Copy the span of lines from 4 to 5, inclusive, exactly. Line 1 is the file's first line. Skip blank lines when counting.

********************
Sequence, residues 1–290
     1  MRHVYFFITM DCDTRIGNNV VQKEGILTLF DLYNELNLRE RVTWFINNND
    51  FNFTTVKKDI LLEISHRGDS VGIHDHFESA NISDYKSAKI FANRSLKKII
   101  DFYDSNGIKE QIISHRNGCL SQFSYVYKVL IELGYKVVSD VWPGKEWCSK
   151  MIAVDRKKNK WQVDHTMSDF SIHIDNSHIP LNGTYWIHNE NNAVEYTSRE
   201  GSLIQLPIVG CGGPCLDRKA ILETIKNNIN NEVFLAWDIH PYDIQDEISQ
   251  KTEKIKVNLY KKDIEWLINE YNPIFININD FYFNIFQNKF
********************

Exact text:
   101  DFYDSNGIKE QIISHRNGCL SQFSYVYKVL IELGYKVVSD VWPGKEWCSK
   151  MIAVDRKKNK WQVDHTMSDF SIHIDNSHIP LNGTYWIHNE NNAVEYTSRE